The variations of the TTT electrical conductivities with clamping torques were shown in Fig. 18 for the unpainted laminates. While a line trend is still easily established, showing little current sensitivity (same symbols with different colours), again. All these characteristics are very much observable from the painted specimens in Fig. 19.
The electrical conduction and current-induced thermal behaviour of carbon/epoxy fabric laminates were investigated using 2PM via solid electrodes to ascertain the effects of currents, temperatures, and clamping torques on the anisotropic electrical conduction of machined specimens with or without conductive paint. The findings suggest that the milliampere-to-ampere increases of current led to the significant reductions in the electrical conductivity values in both in-plane and TTT directions. The rises of temperatures resulted in the similar reductions due to the increased resistance. The increase in clamping torque increased linearly the electrical conductivity values in both directions. Applying conductive paint to the contact faces did not appear to affect the contact resistance. Since the extrinsic factors such as clamping torques and use of conductive paint did not change the conduction path networks, the measured volume electrical conductivities are apparent values and therefore the values of the electrical conductivities obtained without paint should be used. Shall the 2PM via solid electrodes be developed into a measurement standard in the future for electrical conductivities of continues fibre reinforced composite laminates, a minimal clamping torque of 1 Nm be recommended with the minimum square dimensions of 20 × 20 mm in the TTT direction.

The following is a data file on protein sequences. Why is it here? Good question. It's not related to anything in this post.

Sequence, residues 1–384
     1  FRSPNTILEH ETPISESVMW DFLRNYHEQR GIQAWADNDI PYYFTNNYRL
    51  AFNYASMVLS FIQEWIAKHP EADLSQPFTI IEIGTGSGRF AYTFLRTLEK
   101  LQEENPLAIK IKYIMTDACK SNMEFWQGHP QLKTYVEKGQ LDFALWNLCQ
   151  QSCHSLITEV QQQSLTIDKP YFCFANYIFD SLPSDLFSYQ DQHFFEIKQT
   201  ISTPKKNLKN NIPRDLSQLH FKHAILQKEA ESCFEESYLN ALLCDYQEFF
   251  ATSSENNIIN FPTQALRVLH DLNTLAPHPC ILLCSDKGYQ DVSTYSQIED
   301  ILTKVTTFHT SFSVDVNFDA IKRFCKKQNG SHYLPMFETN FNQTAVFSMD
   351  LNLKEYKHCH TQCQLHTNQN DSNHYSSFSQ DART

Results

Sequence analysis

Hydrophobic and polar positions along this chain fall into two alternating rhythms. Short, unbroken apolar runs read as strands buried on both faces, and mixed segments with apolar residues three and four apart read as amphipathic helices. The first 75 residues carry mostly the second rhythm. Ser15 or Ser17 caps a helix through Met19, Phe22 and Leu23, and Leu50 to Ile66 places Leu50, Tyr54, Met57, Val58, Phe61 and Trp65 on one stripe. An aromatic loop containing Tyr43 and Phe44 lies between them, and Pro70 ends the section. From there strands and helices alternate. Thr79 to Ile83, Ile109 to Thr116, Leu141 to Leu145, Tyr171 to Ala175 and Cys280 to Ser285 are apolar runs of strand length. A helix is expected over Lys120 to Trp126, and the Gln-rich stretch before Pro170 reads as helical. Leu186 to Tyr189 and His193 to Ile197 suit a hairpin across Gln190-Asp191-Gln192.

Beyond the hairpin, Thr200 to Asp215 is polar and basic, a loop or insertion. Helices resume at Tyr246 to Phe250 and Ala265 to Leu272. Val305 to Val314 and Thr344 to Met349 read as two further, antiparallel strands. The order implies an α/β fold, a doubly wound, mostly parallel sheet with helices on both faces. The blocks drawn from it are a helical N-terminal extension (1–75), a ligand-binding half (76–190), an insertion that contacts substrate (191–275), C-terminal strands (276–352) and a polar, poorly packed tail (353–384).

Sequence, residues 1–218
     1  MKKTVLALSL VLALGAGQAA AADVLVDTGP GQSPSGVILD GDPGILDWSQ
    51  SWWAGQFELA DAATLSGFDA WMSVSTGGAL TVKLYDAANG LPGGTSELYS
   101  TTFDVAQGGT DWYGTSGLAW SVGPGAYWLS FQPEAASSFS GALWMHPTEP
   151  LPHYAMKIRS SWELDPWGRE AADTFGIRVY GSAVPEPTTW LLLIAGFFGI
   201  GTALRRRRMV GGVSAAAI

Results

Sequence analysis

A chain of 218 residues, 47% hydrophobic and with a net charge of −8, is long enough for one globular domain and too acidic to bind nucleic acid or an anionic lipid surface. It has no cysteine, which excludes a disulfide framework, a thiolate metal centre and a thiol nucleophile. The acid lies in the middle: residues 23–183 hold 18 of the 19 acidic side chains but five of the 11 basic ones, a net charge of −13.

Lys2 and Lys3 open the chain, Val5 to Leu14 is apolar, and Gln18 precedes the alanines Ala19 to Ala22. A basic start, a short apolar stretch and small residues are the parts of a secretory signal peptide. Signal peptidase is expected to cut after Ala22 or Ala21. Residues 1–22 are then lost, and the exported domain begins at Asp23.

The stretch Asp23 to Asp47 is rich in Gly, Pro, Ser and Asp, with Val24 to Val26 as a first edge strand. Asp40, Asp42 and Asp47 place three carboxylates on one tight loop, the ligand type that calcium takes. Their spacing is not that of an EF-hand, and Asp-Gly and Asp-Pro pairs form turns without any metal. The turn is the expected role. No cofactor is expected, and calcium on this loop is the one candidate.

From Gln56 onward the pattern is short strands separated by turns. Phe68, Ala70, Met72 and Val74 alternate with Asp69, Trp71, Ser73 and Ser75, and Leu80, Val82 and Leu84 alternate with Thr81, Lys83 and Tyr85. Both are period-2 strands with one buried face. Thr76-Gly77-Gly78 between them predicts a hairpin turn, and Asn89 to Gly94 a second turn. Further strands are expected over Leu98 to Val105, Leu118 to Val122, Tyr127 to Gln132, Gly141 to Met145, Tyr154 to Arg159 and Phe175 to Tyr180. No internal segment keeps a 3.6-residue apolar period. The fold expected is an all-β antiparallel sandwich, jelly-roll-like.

Availability of data and materials
The datasets used and/or analysed during the current study are available from the corresponding author on reasonable request.
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Authors acknowledge the financial support from C-Power Ltd and Loughborough University.
This research project was funded jointly by the C-Power Ltd, Tianjin, China and Loughborough University, UK.
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Zhou, G., Mikinka, E., Bao, X. et al. Electrical conduction investigation of pre-stressed carbon/epoxy fabric laminates heated by ampere-level currents. Functional Composite Mater 4, 3 (2023). https://doi.org/10.1186/s42252-023-00041-3
- Carbon/epoxy laminate
- Electrical conductivity
- Clamping torque